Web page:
But take another case. Not having a clear view of the gospel, of its fulness and freeness, you might have been kept in hard bondage for years by legality or ignorance. Hoping and endeavouring to be what God never meant his people to be - perfectly free from all the workings of corruption, you were held down in bondage and condemnation from feeling so much of your own inward sinfulness. When you were entangled in an evil, despair seized hold of you, and all without and within was darkness, confusion, and bondage. But how were you delivered? I cannot enlarge upon this point, as my time is nearly gone; but I may briefly ask, Was it not by the word of truth - by the gospel? by seeing and believing that salvation was a finished work? by seeing and feeling that those for whom Jesus died are freely justified from all things from which they could not be justified by the law of Moses?

2. But now look at the "belief of the truth" under another form, as affording an evidence of interest in God's eternal choice - truth in its sanctifying influence. Our blessed Lord thus prayed to his heavenly Father on behalf of his disciples: "Sanctify them through thy truth; thy word is truth." (John 17:17.) Truth sanctifies. Error hardens the heart; leads to presumption; takes the soul away from the light of God's countenance; draws it aside from under the testimony of his word; and leaves it to wander, as if without a guide, in the midst of confusion, and frequently to fall headlong into the open ditch of evil. But truth not merely softens and liberates the heart from the power of sin, but has a most blessed, sanctifying power and influence upon the soul. If ever the truth of God reached your conscience, it communicated a sanctifying influence to your spirit; it raised up a warm and affectionate love to everything which that truth reveals. Wherever the love of the truth is received, it separates from the world, influences the heart and life, and is attended with every good word and work. Thus to believe the truth not merely liberates the soul from the bondage of the law, with all its guilt and condemnation, but sanctifies the heart to the worship and service of God. Spirituality of mind is thereby communicated; communion with God is sought and sometimes enjoyed; deliverance from evil that it may not grieve us is earnestly desired; and the time longed for when sin shall no more pollute the conscience, or separate between God and the soul.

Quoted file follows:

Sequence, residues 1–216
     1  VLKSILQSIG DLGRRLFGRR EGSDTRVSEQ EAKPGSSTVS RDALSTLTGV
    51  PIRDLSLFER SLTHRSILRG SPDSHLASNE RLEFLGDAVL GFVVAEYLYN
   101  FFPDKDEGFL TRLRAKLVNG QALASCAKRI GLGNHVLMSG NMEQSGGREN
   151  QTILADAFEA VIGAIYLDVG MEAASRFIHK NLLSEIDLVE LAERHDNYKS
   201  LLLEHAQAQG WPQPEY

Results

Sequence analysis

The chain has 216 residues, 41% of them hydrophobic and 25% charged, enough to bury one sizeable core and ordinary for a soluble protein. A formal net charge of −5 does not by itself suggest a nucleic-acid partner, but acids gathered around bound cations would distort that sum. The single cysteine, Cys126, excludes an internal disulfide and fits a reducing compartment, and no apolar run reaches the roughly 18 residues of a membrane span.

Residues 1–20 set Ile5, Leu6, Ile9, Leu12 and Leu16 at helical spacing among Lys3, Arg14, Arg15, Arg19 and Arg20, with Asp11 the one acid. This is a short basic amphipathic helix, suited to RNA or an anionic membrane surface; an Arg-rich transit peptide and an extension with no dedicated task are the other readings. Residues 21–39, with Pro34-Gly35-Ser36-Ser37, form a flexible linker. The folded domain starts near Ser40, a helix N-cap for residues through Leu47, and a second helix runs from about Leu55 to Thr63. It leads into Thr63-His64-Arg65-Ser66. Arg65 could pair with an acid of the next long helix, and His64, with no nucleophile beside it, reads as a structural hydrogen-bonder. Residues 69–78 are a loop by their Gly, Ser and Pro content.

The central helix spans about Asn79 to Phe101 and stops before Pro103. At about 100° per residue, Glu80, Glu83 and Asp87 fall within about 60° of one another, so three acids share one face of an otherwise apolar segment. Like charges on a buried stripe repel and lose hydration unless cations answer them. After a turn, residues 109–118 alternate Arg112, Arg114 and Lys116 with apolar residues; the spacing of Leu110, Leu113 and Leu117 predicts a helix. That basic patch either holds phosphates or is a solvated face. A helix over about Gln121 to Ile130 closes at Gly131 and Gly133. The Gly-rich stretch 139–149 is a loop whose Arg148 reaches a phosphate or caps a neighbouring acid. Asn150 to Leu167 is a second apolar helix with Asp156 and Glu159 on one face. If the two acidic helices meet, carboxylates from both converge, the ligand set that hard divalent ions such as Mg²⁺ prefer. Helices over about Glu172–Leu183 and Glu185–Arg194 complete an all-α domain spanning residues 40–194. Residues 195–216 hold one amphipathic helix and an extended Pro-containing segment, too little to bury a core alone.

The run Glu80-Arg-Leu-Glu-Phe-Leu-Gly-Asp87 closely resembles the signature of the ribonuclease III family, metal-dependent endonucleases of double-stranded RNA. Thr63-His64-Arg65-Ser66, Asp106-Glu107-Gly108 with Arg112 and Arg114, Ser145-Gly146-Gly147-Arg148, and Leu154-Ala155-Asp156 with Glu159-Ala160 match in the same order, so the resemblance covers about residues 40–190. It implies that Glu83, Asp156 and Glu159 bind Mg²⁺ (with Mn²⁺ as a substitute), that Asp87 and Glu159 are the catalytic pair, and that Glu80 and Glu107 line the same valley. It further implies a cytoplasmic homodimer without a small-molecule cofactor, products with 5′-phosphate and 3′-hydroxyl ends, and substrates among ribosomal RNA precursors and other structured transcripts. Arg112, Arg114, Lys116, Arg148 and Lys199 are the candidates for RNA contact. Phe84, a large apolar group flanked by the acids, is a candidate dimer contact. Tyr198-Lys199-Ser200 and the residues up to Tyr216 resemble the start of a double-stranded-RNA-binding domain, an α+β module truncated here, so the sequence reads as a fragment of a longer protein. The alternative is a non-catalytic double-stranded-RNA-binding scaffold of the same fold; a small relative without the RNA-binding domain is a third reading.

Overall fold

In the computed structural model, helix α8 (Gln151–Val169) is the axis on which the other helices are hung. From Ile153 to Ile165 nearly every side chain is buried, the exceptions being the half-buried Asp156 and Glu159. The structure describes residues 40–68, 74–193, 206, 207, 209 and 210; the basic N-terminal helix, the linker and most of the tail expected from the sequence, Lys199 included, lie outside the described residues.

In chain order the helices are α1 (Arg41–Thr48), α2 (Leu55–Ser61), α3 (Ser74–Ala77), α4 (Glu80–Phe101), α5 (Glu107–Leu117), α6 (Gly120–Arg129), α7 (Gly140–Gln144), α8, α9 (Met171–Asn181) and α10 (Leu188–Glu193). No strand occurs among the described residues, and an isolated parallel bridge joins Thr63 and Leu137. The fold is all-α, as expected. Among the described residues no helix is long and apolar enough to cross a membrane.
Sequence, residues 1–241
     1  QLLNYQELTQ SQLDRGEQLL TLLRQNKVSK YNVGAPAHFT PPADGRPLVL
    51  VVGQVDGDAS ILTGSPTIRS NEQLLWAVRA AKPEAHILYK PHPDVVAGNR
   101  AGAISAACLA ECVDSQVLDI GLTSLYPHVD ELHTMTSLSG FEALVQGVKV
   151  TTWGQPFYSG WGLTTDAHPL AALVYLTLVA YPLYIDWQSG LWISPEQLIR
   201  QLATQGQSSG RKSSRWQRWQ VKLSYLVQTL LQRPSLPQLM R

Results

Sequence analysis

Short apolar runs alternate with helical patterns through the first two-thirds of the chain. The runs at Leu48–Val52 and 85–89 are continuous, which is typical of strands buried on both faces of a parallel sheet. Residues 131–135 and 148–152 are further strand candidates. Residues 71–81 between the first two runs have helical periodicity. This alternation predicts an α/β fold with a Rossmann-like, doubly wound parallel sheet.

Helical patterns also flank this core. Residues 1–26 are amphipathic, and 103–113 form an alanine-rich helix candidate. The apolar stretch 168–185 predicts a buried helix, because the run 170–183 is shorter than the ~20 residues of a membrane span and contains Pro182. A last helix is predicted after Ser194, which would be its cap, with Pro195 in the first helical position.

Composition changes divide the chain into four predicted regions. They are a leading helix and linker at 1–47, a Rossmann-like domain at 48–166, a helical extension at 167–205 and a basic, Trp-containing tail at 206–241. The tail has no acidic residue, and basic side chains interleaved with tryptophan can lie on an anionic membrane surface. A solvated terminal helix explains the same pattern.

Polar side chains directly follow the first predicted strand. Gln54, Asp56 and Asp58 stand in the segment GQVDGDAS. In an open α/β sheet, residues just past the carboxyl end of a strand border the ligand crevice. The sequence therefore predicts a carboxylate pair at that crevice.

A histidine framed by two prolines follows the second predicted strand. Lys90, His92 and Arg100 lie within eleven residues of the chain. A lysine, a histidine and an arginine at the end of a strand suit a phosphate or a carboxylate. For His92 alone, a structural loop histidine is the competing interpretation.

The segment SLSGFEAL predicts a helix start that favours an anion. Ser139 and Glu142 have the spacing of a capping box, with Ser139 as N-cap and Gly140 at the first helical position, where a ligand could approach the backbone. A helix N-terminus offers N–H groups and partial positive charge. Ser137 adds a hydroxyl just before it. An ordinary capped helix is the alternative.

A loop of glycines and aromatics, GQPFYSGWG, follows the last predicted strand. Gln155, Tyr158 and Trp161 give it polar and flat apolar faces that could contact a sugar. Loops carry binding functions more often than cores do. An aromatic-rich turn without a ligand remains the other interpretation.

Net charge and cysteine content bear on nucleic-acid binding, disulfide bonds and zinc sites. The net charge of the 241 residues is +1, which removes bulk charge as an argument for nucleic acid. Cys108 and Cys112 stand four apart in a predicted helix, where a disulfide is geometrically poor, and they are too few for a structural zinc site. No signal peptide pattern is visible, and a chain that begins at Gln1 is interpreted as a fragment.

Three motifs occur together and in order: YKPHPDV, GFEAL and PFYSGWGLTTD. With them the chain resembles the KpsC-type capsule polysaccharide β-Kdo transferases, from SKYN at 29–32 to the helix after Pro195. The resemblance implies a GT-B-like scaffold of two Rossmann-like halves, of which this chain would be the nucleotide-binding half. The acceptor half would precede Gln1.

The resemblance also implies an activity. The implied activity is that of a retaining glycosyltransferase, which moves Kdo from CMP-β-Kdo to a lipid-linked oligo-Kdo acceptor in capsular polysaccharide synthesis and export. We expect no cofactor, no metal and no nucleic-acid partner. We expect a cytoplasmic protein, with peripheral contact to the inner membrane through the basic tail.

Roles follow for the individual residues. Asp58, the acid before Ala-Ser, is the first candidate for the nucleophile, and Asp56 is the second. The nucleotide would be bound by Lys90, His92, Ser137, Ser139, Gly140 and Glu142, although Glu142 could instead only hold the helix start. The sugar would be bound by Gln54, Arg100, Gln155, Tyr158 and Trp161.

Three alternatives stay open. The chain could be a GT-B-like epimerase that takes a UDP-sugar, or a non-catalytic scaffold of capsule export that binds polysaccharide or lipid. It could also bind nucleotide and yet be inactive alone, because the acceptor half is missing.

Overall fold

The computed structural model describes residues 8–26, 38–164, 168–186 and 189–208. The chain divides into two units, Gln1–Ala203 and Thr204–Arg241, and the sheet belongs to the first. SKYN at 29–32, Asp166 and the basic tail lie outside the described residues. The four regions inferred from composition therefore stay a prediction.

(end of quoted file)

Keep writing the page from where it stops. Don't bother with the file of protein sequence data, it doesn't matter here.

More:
Now can you find any print of these two gracious marks on your soul? Have you any reason to believe that the Spirit of God has ever come into your soul to sanctify it and communicate those gracious influences, whereby the heart is drawn up into the enjoyment of heavenly blessings? Has the truth of God ever come home with unction, savour, and power, so as sensibly to deliver you from the influence of sin and sanctify you to the service of God? Your answer, perhaps, is, "Well, I scarcely know what reply to give to your questions. I hope I feel at times holy influences, spiritual desires, gracious affections but O, taking me in general, I find so much coldness, darkness, and death; my heart is so evil, my nature so corrupt, and every member of the old man so utterly foul, and often so alive and active toward everything that is evil, that when I closely examine myself by such marks and evidences, such is the opposition within, and such the conflict between the old man, and the new, that I scarcely know what answer to give about myself as to who or whereabouts I am." If it were not so, there would be no conflict. Sanctification is not a progressive work, nor does the Holy Spirit sanctify the members of the old man, so as to make them holy. The old man remains, what he ever was, in all his integrity. No change takes place in the corrupt flesh: it is ever corrupt, and will be so to the very grave's mouth. It is the "new spirit" of God's own creation in which holiness dwells, for it is the very workmanship of God. With this light upon it, you can now perhaps see through the mists which so often blind your eyes. Do you not at times see and feel that there is that in your soul which nothing but the power of God could have wrought? that there are or have been there felt and experienced holy sensations, spiritual affections, heavenly desires, faith in the Lord Jesus Christ, hope in his mercy, love to his name, renunciation of self, and with all this that sweet spirituality of mind which is life and peace? There are times, then, when these mists and fogs are dispersed by the beams of the Sun of righteousness, and then you can read what God has done upon your heart. Were it not so, we must sink down into despair. But under these renewals of God's goodness and mercy, intimations of his favour, whispering of his love and grace, and gracious revivings of the work of the Spirit, hope springs up in the bosom, and with hope faith embraces once more the Lord the Lamb, and love again cleaves to him with purpose of heart.